Final Report


On the morning of 3 July 2016, a Cessna 150M aircraft, registered VH-TDZ, and a Cessna 152 aircraft, registered VH-KTL, departed from the Exmouth aircraft landing area (ALA), Western Australia, to conduct whale shark spotting on the western side of the Exmouth peninsula.

At about 1145, the cloud base lowered and visibility reduced on the western side of the peninsula, and the pilots collectively agreed to return to Exmouth. However, the pilots were unable to navigate back to the Exmouth ALA in visual meteorological conditions and both conducted precautionary landings on a road on the west coast of the peninsula. The aircraft did not sustain any damage and the pilots were not injured.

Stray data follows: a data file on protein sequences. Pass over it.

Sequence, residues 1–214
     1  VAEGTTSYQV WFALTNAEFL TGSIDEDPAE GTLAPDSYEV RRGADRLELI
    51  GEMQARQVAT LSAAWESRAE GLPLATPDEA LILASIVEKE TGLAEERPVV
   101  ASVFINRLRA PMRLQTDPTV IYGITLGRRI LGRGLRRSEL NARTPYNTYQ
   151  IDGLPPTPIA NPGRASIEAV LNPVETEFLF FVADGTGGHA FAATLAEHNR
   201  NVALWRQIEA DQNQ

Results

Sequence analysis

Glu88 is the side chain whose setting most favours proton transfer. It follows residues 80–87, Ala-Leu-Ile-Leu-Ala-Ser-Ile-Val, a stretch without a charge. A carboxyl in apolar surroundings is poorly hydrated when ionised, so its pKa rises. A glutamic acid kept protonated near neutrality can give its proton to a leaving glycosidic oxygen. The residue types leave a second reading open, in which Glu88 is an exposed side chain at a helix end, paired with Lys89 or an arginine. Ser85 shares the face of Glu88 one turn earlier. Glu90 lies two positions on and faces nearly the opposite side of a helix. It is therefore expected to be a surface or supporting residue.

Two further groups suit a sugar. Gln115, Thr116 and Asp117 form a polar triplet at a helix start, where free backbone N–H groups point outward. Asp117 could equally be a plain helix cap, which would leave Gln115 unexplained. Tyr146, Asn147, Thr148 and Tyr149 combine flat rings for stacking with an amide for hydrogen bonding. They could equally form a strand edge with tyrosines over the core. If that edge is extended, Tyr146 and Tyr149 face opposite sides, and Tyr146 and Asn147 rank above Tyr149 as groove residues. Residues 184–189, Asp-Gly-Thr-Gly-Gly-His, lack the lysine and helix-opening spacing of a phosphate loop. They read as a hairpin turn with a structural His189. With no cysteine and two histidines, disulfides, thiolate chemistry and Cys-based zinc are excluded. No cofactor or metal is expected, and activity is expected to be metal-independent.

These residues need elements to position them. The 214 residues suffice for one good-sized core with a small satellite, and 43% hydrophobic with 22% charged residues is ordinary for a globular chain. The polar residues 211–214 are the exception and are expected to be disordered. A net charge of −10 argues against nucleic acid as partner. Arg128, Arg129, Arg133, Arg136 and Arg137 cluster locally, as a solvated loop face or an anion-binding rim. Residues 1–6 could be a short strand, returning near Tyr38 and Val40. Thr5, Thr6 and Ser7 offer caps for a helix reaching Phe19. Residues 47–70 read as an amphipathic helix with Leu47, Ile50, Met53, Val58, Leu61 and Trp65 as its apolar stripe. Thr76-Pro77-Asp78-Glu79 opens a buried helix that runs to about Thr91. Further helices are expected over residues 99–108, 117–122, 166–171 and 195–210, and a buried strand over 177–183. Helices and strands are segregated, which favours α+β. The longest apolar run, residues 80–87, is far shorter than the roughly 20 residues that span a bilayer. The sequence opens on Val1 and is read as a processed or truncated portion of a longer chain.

As a result of this incident, both aircraft operators have amended their operations manuals to highlight the need for their pilots to make early decisions to return to the Exmouth ALA when weather conditions are deteriorating and to maintain an alternate plan.

This incident highlights the need for pilots to interpret the weather forecast within the context of their planned operation. There are several key factors for a VFR pilot to consider to avoid inadvertently entering IMC, which include:

  • thorough pre-flight planning
  • having alternate plans in the event of deteriorating weather
  • making timely decisions to turn back or divert.


Aviation Short Investigations Bulletin- Issue 52

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